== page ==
The Temples of Angkor, located at Siem Reap in the heart of Cambodia, have stood proud for a thousand years. They stand today as the national symbol of Cambodia, rightly regarded as one of the world’s most exciting ancient wonders after centuries of obscurity when they were hidden from the outside world by tropical jungle.
When I first visited Siem Reap nearly ten years ago, Cambodia’s bloody history had entered a period of relative calm. Exploring this local Angkor region it soon became apparent how the Khmer Empire flourished between the 9th and 15th centuries as the largest pre-industrial urban centre in the world, covering an area as large as Greater London today.
Like all visitors to the area, I was amazed by the scale of the main six temple complexes, before even beginning to delve into the outer temple regions set in the quieter rural areas. Even then, the growth in tourism was being matched by the locals taking on board how important the temples were to their own livelihood. Our first guide, despite being a landmine victim with one leg, proudly showed us round the temples on his motor-rickshaw. My family were fascinated by the sites, sobered when reading further on the devastation of the Khmer Rouge, yet inspired by our guide’s ability to leave the past behind and focus on the future.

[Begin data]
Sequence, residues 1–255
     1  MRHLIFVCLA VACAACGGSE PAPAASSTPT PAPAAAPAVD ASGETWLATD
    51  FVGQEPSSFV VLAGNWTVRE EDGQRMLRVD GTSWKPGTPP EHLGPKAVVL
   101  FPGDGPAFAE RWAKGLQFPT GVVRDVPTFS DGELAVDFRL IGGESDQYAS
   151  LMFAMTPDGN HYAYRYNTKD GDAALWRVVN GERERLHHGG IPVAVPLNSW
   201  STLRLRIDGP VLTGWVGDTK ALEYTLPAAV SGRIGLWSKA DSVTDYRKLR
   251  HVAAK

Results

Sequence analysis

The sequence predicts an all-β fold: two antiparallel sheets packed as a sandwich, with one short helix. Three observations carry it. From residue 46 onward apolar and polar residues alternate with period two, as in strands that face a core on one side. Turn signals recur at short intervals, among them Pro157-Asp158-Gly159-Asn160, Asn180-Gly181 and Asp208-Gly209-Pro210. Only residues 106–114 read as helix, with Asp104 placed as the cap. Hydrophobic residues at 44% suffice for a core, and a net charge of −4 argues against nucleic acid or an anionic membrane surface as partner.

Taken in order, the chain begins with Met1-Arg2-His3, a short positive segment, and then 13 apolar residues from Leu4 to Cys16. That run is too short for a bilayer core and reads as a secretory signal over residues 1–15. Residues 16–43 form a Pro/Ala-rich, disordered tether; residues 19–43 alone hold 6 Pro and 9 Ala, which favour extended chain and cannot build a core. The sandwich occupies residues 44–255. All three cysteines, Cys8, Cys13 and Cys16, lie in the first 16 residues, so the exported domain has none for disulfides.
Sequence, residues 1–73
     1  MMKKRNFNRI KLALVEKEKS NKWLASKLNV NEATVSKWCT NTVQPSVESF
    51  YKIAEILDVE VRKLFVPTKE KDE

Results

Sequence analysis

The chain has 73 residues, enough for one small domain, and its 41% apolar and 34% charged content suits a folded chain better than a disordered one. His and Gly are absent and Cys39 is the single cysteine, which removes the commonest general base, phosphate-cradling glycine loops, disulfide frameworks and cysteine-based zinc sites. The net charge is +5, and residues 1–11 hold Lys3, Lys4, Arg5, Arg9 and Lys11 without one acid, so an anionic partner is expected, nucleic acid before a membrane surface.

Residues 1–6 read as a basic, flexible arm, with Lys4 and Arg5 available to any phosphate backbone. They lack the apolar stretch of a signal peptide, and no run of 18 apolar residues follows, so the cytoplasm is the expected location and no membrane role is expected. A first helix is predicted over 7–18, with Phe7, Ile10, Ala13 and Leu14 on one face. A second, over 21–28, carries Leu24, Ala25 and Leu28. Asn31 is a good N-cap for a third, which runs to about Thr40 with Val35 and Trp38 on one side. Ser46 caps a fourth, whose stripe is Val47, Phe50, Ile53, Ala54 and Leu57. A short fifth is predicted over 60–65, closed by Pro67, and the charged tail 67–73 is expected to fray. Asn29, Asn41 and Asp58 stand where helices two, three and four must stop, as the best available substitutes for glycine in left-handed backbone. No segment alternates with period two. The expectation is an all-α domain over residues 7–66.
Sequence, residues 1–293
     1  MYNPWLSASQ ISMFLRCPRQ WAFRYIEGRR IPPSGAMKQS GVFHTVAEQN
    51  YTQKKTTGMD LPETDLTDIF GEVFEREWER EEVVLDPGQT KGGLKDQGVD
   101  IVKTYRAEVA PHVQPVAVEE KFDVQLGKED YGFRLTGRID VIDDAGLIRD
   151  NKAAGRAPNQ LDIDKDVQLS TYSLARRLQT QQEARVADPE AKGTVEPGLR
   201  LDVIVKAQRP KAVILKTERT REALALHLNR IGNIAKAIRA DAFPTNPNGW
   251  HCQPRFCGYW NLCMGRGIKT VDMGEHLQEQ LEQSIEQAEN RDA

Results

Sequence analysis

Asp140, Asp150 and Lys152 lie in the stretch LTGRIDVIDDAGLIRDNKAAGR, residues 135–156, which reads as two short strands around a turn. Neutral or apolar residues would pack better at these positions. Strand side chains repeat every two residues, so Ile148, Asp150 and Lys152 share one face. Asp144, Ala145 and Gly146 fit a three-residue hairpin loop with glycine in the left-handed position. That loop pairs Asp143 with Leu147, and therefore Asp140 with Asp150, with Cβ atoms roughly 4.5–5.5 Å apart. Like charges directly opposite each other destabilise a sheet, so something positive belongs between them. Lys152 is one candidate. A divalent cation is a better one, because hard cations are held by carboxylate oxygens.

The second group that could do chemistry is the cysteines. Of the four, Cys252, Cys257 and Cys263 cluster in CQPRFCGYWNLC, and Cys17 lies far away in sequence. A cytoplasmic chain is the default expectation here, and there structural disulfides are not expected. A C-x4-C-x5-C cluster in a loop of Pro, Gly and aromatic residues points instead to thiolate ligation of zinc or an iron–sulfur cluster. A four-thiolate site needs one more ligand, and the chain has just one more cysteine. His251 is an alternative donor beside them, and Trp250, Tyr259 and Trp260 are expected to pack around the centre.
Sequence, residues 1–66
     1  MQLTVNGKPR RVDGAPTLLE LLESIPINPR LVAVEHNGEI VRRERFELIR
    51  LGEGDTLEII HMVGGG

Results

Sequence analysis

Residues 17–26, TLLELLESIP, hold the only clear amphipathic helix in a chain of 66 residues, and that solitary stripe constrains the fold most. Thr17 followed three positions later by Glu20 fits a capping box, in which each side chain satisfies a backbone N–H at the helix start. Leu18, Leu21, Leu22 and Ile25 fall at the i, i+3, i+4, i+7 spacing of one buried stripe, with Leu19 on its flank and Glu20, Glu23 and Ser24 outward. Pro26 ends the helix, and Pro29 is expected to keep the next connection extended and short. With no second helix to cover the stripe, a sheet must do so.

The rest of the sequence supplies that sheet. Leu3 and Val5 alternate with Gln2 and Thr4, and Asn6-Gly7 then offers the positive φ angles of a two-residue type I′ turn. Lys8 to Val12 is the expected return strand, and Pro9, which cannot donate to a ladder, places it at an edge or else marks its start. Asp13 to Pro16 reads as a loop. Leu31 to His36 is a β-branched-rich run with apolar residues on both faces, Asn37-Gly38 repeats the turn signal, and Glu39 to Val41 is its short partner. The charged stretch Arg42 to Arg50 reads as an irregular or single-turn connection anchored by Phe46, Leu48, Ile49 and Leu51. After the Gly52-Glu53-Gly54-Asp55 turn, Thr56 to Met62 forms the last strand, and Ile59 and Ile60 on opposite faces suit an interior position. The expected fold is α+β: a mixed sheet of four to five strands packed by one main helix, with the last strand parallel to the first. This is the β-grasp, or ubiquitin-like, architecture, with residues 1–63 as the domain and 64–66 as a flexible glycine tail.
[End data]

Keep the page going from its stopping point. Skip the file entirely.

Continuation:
Today, like many of his generation, tourism provides an essential livelihood. Indeed the long-term sustainability of many Cambodians is inextricably linked to the Temples of Angkor and nearby hotel, restaurant and entertainment industry. However, as the reputation and wonder of Angkor’s Temples spreads across the globe, there is a real danger of too many poorly managed visitors.
Where as our first visit saw a steady trickle of temple tourists, today’s visitor numbers are in excess of a million in the first six months of the year. This shear pace of change in tourists has been as difficult for local government to manage as the very protection of the temples themselves.
Whilst an Angkor visit today is as rewarding as ever, a fine balance must be found. As with the likes of Lara Croft extolling the virtues of Angkor Wat on the silver screen and UNESCO’s recent Trip Advisor survey declaring Angkor the “most recommended World Heritage Site”, visitor numbers continue to climb. The weight of tourist feet alone is damaging these amazing sites and a well managed tourist dollar is going to be essential.
As tour operators we at Nomadic Thoughts are aware of these issues and share our concerns with our ground operators, encouraging them to put pressure on the Cambodian authorities to bring in long lasting protection measures for their cultural heritage.
The heritage management of Angkor’s temples can learn from other destination’s experiences with visitor restrictions recently been placed on many of the world’s iconic venues – for example the Taj Mahal, Great Wall of China, Macchu Pichu and Pyramids in Egypt.
I, alone with anyone who has visited Angkor Wat, welcome a coherent policy of protection allowing future generations to enjoy Angkor Wat’s 100 stone temples; Banteay Srei’s red sandstone walls & passageways; Preah Khan’s untouched Buddhist sanctuary; Ta Prohm’s lush jungle setting and Bayon Temple’s hypnotic face towers.